There are always things in other countries that are different from your own.  Even just going from Canada to the United States, things can be very different.  Different areas have different customs, different foods, etc.  And of course there is the language.  My Spanish is quite terrible, really.  I have a great deal of difficulty understanding what people are saying.  It almost seems as if they are all speaking different languages.  But, I get along, somehow, and always run into people who do speak at least a bit of English…better than my Spanish.  As soon as they hear my accent they speak English.  Keep thinking I should take some courses, but after all this time I still haven’t done that.

I must say that I do miss Toronto.  I have been back several times to visit friends there and family in Winnipeg and Fort Frances. Toronto is now such an exciting city…growing and so alive.  Very different from when I moved there in 1965.

toronto_panam

 

 

Ok, if you have been following this, I promised to talk about banking.  Now, let me tell you that that is a difficult subject.  If you are going to a first world country, this will probably not be a problem.  If you are going to a third world country that’s a different kettle of fish.  Here, in Argentina (a third world country) I do not personally have a bank account.  My partner does, and we deposit only enough money to cover household bills which we pay online.  There is also the option of standing in line for several hours every month to pay your bills at places set up for that very purpose.  Paying your bills, that is, not standing inline…although sometimes I wonder.  Here in Argentina there is RapiPago, and Pago Facil.  Neither one is rapid or easy. You can also use an online service called pagomiscuentas which we prefer.  And I don’t stand in line for anything.  Even banks have long, long, long line-ups at the beginning of each month when people are paid.  I deposit in a machine.  The machines are usually pretty quick and easy.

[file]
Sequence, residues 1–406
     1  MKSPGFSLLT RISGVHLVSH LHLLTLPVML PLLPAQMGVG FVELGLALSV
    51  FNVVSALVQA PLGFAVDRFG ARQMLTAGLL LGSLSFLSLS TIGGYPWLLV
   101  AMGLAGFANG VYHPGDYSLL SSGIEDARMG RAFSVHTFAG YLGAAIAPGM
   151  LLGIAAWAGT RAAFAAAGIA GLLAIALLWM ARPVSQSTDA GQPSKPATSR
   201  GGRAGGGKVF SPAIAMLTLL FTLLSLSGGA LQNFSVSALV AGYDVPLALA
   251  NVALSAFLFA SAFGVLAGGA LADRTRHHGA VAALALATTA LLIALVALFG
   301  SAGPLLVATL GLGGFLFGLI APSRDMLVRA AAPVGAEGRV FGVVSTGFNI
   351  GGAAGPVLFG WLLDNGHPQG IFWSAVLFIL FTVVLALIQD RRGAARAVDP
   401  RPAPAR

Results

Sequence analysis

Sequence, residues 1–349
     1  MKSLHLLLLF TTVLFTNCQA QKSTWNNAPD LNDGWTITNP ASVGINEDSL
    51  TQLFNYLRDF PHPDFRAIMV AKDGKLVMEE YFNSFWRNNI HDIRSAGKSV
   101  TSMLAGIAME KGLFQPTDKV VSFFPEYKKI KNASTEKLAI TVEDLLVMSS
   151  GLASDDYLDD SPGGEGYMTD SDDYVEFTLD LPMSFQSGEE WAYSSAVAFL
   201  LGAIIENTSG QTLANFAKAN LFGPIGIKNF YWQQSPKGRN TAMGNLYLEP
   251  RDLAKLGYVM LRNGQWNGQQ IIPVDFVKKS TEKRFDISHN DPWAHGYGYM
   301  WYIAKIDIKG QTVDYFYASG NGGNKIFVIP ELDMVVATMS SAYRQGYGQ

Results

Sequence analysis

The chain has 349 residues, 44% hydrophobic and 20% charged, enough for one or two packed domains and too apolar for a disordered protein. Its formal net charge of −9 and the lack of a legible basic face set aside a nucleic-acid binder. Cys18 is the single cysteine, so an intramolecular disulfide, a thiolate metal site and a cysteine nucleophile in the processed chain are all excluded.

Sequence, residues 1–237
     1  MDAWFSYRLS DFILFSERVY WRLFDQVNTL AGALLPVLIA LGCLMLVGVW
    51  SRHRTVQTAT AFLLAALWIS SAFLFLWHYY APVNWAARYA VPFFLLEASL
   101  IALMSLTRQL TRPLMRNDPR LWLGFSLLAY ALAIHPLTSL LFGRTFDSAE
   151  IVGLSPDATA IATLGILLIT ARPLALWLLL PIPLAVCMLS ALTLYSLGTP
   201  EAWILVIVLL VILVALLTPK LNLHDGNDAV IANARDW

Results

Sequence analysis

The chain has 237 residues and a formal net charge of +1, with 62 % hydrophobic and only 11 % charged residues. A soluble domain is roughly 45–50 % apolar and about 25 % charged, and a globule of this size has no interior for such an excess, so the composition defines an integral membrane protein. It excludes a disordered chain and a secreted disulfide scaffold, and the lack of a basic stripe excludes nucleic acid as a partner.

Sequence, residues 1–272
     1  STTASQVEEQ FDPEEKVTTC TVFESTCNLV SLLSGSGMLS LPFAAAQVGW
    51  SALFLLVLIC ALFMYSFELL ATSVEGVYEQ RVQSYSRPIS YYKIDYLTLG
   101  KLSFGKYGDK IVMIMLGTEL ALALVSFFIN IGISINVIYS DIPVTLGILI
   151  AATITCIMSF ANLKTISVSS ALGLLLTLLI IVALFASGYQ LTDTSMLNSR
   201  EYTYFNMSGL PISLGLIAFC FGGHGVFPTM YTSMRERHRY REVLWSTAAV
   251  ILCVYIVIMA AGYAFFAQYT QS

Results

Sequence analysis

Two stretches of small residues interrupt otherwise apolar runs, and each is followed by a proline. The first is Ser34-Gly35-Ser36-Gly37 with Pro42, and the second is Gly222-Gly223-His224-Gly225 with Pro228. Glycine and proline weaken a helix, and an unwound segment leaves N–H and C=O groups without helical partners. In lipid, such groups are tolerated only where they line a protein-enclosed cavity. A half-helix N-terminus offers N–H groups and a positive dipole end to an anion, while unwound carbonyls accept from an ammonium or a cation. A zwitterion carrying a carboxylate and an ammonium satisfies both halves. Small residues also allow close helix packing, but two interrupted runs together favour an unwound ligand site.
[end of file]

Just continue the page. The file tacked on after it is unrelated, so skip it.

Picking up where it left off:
So, I don’t have a bank account here, although I could as I am a permanent resident.  I have a DNI (Documento Nacional de Identidad).  A National Identity Card.  These cards are used for just about everything, but the only thing I really use it for is to get the retired person’s 10% discount at the supermarket on Mondays.  I maintain my accounts in Canada, and use my sister’s address for them.  Therefore, when new credit cards are issued, they go to her address and she sends them to me via UPS.  I don’t believe banks want you to have a “foreign” address, so this just makes it easier.  I do maintain two credit cards, but seldom use them here.

 

Toronto Harbour

Toronto Harbour

Mendoza, also known as Ciudad International del Vino…is a wonderfully green little city in the high desert.  This is a view of the city from Av Libertador which runs through Parque San Martin, a park that is about 1/4 the size if the whole city.  This is the route from our house to the city…about 10 minutes.  The city is in the distance.

Av Libertador

Av Libertador

A smart phone or even a simple cell phone will cost about 4 times what it cost up north.  We also bought a smart phone and a chromecast thingy to make our TV “smart”.  It is a beautiful drive to Chile through the mountains.   The customs and immigration are over 3000 meters (more than 10,000 feet).  Once you pass the customs in Chile you must descend to almost sea level.  This is the route:

Caracol at Los Libertadores

Caracol at Los Libertadores